Developing-Leaders-issue - 23- Spring - 2016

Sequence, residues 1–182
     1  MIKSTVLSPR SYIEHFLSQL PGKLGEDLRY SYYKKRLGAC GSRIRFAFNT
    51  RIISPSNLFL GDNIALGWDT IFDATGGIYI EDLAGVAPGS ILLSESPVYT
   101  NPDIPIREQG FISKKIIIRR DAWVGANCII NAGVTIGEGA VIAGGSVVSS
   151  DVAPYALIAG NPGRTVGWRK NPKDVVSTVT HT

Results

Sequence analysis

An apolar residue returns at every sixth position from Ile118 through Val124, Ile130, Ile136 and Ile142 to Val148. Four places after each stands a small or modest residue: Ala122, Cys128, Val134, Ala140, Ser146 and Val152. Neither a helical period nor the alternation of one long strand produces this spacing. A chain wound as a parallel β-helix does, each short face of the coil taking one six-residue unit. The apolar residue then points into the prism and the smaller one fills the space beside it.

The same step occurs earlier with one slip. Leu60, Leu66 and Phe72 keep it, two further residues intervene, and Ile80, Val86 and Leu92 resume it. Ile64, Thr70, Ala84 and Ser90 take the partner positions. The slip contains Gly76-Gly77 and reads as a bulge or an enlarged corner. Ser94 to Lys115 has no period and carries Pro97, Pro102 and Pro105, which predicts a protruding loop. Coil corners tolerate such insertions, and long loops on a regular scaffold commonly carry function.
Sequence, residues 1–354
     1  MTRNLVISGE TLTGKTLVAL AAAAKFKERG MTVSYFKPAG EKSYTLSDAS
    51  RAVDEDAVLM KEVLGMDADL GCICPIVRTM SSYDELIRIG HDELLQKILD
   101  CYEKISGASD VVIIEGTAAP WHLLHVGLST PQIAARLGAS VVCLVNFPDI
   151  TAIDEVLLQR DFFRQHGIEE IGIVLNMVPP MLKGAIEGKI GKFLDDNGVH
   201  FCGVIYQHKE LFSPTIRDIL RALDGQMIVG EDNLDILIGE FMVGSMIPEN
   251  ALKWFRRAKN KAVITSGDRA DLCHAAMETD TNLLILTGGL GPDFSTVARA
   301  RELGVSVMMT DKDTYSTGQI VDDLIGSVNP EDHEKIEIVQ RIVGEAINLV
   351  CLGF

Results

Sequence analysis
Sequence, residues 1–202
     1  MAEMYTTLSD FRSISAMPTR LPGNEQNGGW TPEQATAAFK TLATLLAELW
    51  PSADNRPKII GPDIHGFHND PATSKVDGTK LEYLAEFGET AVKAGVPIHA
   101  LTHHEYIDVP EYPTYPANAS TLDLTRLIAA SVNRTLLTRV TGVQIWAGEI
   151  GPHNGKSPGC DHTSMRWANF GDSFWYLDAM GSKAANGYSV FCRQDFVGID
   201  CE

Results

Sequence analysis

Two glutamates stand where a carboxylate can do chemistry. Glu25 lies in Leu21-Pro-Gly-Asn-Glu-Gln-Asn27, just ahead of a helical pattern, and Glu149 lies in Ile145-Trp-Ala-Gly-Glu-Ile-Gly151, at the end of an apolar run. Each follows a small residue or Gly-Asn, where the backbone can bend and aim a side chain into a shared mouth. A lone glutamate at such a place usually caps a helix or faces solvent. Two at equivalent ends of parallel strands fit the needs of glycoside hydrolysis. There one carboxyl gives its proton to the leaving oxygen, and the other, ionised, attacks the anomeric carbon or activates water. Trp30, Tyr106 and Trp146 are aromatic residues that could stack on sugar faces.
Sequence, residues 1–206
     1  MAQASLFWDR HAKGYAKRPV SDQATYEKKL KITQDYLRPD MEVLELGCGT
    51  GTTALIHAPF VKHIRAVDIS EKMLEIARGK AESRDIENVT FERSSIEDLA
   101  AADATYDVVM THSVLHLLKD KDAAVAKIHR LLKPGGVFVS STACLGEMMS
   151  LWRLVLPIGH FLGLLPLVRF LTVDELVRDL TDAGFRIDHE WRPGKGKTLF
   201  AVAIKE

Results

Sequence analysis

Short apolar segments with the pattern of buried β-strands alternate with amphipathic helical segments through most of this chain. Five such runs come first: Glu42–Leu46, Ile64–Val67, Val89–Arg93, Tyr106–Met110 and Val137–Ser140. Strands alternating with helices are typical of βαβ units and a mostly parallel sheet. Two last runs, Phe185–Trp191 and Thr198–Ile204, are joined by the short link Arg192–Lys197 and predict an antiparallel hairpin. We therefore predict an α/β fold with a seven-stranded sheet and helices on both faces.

Executive Development Developing Leaders Issue 23: 2016 | 35 Exercises Summary The following gives an overview of a selection of the exercises that we led executives through during the day. Exercise # 1 -- ‘First Impressions’ The goal of this first exercise was for participants to get to know each other and the horses and to practice observing own and others’ behaviour and to report back on it with specifics. Each team got a set of tools (e.g., brushes) to groom one of the horses. Participants did not receive instructions on how to use these tools; instead, the ‘task’ was to figure out the likes and dislikes of their new ‘teammate’, the horse. To prepare for the subsequent reflection and discussion, we asked participants to pay attention to how they were entering into a new team/situation, what the first impression is that others form of them, and how they form first impressions of others. In this exercise, what becomes immediately apparent is the division between those who are task-focused -- participants who literally go and groom the horse and come back -- and those who are relationship-focused, petting the horse and building a relationship with the animal (while sometimes even forgetting to complete the task at hand, namely, grooming). The exercise provides executives with an instant mirror against which to view their leadership style. “One of my development areas in building trust, is the intimacy portion as in the trust equation. I have been taking steps to develop this area further, but they have all been conscious active efforts. So I was blown away to see that without even knowing I was doing it, I had my hand on Blaze the entire time. Is this a part of me that I have always had, but didn’t know? Or is it easier to connect with animals at the most basic level, without words? I think I will need to reflect on this more, but this simple experience did prove one thing, I do have it in me, naturally.” Executive MBA Student. Exercise # 2 -- ‘Building Awareness of and Modifying Leadership Styles’ The goal of this exercise was for participants to become aware of their leadership style. We emphasized that there was no ‘right’ or ‘wrong’ way to lead, but that different people have different styles and that different approaches may be effective in different situations. In this exercise, participants were guided by the questions ‘How do you lead a new team member (the horse)?’ and ‘Which effect does your behaviour have in this specific situation?’ Their task was to lead a horse away from their group to the end of an enclosed area and back. While completing the exercise, one of their peers recorded a video that they later reviewed together. In a second round, participants had a chance to re-do the exercise, incorporating their own and their peers’ suggestions for changing their approach. We prompted them to think about what it felt like to adopt a different leadership style and what effect it has. In this exercise, executives adopt a variety of leadership postures -- some leading assertively from the front with others leading gently from the back, some leading with energy and conviction with others leading with fear and doubt, some holding the horse on a short line with others giving the horse freedom to explore. These are typically the leadership styles executives use back in the workplace and, in this way, the exercise provides executives with real time feedback on their leadership style. “As we learned by looking at the videos of our interaction with the horse, when we believe we are acting in full confidence, there are small gestures, body positions, voice tone or looks that will either tell others about a lack of confidence, doubt or create contradictions. It is surprising to see how what I was thinking I felt, was not